Financial stocks forged higher on Thursday, still feeling the euphoric effects of the Federal Reserve's gargantuan rate cut two days ago, even as the bad news continued to pile on.

The NYSE Financial Sector Index was recently climbing 84 points, or 1.1%, to 7,767.88.

Providing some support, following news that wasn't completely abominable, was credit-card company Capital One ( COF). The McLean, Va., firm reported that fourth-quarter income plunged 42% year over year to $226.6 million, or 60 cents a share, though that misses analyst estimates by a mere 3 cents, according to Thomson Financial. Capital One had warned of the income drop a couple of weeks ago.

Excluding costs from shutting down its GreenPoint Mortgage business, earnings suffered a less severe fall -- a scant 20% -- to $321.6 million, or 85 cents a share. Capital One shares were jumping $3.69, or 8.4%, to $47.89.

California mortgage lender IndyMac ( IMB) was cut to junk status at Fitch Ratings a day after Moody's decided to drop coverage of the company, but shares were still spiking 15.1% to $5.02. And National City ( NCC) was rising 4.3% after the Ohio bank upped its convertible bond offering by 25% to $1.25 billion, with an underwriter's option for another $187.5 million worth to cover overallotments. The offering was initially announced after the close on Tuesday.

Asset manager Janus Capital ( JNS), meanwhile, climbed 9.3% to $27.87 after continuing-operations income -- which strips out the shrinking value of its printing business -- came to $61.6 million, or 36 cents a share, against Street estimates for 32 cents a share. On a net basis, the Denver firm's income fell 21.2% vs. last year to $29.7 million, or 17 cents a share.

Elsewhere in the green, small-loan purveyor World Acceptance ( WRLD), of Greenville, S.C., saw shares soar 24.7% to $28.75 after it eked out a year-on-year profit climb of 4% to $7.3 million, or 43 cents a share, in the fiscal third quarter. That includes a special tax charge of 9 cents a share. Analysts were looking for 46 cents a share, excluding items.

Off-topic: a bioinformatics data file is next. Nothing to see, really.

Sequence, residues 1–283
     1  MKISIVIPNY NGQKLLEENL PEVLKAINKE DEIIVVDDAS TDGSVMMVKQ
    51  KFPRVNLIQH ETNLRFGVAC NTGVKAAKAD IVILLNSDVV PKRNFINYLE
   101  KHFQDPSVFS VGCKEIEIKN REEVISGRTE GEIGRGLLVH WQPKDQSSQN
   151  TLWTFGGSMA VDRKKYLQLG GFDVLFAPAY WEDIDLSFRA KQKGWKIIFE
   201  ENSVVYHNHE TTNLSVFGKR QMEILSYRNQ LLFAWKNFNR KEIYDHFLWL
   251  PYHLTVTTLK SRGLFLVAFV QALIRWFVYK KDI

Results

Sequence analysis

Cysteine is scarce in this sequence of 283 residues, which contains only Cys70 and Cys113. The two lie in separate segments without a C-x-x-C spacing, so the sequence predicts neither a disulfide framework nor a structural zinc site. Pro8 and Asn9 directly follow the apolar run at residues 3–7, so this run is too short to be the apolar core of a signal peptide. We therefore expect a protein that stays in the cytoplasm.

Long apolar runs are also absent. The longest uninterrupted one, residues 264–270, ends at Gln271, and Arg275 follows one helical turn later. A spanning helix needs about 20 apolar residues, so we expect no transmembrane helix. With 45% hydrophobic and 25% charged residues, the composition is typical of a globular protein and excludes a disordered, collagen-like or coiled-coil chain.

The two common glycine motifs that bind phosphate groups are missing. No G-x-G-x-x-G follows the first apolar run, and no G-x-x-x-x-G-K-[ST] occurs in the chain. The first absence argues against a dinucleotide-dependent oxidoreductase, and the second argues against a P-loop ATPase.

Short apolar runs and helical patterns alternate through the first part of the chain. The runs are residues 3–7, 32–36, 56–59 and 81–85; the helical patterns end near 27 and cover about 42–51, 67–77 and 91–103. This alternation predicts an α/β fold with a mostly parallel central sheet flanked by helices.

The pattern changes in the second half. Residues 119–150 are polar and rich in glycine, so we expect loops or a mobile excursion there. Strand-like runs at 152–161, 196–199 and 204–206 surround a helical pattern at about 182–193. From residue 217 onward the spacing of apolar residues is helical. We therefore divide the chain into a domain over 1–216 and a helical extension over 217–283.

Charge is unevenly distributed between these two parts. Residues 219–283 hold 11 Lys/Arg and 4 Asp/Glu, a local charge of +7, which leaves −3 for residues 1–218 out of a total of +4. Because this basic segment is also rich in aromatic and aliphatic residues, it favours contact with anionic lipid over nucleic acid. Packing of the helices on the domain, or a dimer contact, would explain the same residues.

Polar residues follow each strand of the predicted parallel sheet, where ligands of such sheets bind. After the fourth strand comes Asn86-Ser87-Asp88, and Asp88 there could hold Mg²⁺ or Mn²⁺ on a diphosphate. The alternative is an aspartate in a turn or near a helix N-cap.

But heavily on the losing side was bond insurer Security Capital Assurance ( SCA), which last night abandoned its plan to raise cash and got hit with a harsh Fitch downgrade today, to A from the prior pristine AAA rating. SCA said it's still pursuing other components of the capital plan it had announced last month, among them reinsurance arrangements and the restructuring of certain insured obligations.

But, said CEO Paul Giordino, "The unprecedented uncertainty and instability affecting our industry make it impractical to consider raising new capital at the present time." Shares of the Bermuda-based firm were diving 30% to $2.64.

Close SCA affiliate XL Capital ( XL), also of Bermuda, lost 2% to $45.41 after saying its investment in SCA, along with generally awful market conditions, will help propel it into a fourth-quarter loss of between $1 billion and $1.2 billion.

Mortgage investor Annaly Capital Management ( NLY), which priced a 51-million-share offering at $19.25 a share, saw its stock take a steep slide before recently recovering to a 0.4% loss at $19.60. Proceeds from the deal, which includes an underwriters' option for another 7.65 million shares, are intended for buying mortgage-backed securities, among other things.

Legg Mason ( LM), a Baltimore-based asset manager, lost 2.8% to $72.40 on a cut to underperform at Credit Suisse.

California bank Downey Financial ( DSL) spent most of the day down after Moody's put it on review for downgrade, saying that a "substantial" deterioration in the California real estate market could force it into a 2008 loss due to a cumbersome loan-loss provision. The move follows yesterday's report of a big fourth-quarter loss at the bank. Moody's currently has Downey's financial-strength rating at C-minus, issuer rating and long-term deposits at Baa1, and short-term deposits at P-2. Downey shares fell 4.5% to $28.19.

And, back in earnings, Sovereign Bancorp ( SOV) fell short of Wall Street expectations for the fourth quarter, reporting a plummeting operating profit of $94 million, or 18 cents a share -- 4 cents shy of EPS views. A year earlier, the Philadelphia-based bank made 33 cents a share on that same basis. Sovereign had announced earlier this month that it would take hefty goodwill-impairment charges, though they ended up totaling $1.577 billion vs. the original $1.4 billion projection. Soverign shares fell 10% to $10.

Also as previously announced, the bank lost $180 million pretax on investments in Fannie Mae ( FNM) and Freddie Mac ( FRE) preferred stock, and its credit-loss allowance was set at $737.7 million.